To identify our pool of speakers, we utilized departmental records to view the first jobs of alumni who had completed their Ph.D.s between two and seven years ago. We then contacted these candidates, explained the goals of our panel, and offered key information about their prospective presentations. We broke the panel categories into teaching, postdoctoral, and industry positions. The teaching section consisted of graduates who received tenure-track offers after completing their Ph.D.s. The postdoctoral category encompassed government positions, academic postdoctoral positions, and even a National Science Foundation postdoctoral award winner. Finally, the industry group comprised alumni who currently hold nonacademic appointments. Some of the participants included an associate professor and chair of mathematics at Agnes Scott College, a postdoctoral fellow at Johns Hopkins University, an Oak Ridge Institute for Science and Education Fellow at the Environmental Protection Agency, and a machine learning technical trainer at Google.

The Panel Series

Over the course of three days, the invited speakers—separated by position type—delivered short presentations (no longer than 30 minutes each) that described the experiences and career-related decisions at UNC that led to their current positions. We encouraged them to share relevant details, such as how they prepared for employment while in graduate school, how they found their current jobs, what the application process was like, and what their current day-to-day work entails. Through the targeted presentations and Q&A sessions that followed, we created a friendly and informal environment wherein graduate students could openly converse with successful UNC alumni without faculty oversight. Our speakers provided early-career graduate students with valuable exposure to various types of available career opportunities; we hope that their presentations will motivate our students to think carefully about their futures and maximize their remaining time in the UNC program.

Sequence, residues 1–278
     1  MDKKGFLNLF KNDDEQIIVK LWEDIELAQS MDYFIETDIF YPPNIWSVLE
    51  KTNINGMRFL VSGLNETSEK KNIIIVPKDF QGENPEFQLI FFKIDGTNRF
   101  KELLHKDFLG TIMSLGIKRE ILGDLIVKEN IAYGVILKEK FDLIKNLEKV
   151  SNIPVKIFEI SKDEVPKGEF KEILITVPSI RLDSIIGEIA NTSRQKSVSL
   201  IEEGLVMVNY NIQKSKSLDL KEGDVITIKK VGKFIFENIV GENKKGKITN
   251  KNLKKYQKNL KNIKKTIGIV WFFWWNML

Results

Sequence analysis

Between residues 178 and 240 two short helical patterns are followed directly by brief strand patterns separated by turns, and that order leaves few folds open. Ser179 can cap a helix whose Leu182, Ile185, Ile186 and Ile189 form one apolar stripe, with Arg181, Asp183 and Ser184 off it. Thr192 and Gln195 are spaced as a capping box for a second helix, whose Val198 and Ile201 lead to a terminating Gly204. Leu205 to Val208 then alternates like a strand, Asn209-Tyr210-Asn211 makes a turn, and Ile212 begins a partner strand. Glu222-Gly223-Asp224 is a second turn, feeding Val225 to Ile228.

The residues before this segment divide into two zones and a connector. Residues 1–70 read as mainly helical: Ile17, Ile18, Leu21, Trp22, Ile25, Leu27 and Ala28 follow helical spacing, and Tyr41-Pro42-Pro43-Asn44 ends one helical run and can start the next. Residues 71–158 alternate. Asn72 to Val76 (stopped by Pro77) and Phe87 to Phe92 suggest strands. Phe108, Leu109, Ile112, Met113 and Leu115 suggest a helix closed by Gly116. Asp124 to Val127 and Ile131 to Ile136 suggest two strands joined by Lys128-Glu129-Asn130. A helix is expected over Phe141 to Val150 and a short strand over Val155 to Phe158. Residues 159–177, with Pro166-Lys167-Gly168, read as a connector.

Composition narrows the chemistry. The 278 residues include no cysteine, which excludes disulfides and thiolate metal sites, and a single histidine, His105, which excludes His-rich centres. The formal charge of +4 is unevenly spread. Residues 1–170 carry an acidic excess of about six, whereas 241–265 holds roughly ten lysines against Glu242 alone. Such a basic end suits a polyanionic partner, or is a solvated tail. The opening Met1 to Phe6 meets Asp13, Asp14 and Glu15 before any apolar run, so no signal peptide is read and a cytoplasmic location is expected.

Due to COVID-19 and travel restrictions, we gathered all interested graduate students together in one classroom and conducted Zoom sessions with the alumni participants. We also had a few local speakers who attended in person and interacted with students face to face. Dinner was provided to everyone, and each night ended with a survey that gauged the most helpful aspects of the event.


This panel series received an overwhelmingly positive response from all of the involved students. Alumni speakers shared advice about navigating career prospects as a graduate mathematics student and provided helpful tips to ensure success as a job applicant. Because the event was planned by and intended for graduate students, attendees were free to ask whatever questions they had without fear of judgment from faculty or advisors. This openness fostered an inclusive and comfortable environment for everyone that added to the series’ success. We intend to hold this event again in the future to expose more graduate students to the variety of career possibilities that are available upon graduation.

Katherine Slyman is an applied mathematics doctoral candidate at the University of North Carolina (UNC) at Chapel Hill. She studies dynamical systems with applications to climate science and currently serves as co-president of the UNC Chapel Hill SIAM Student Chapter.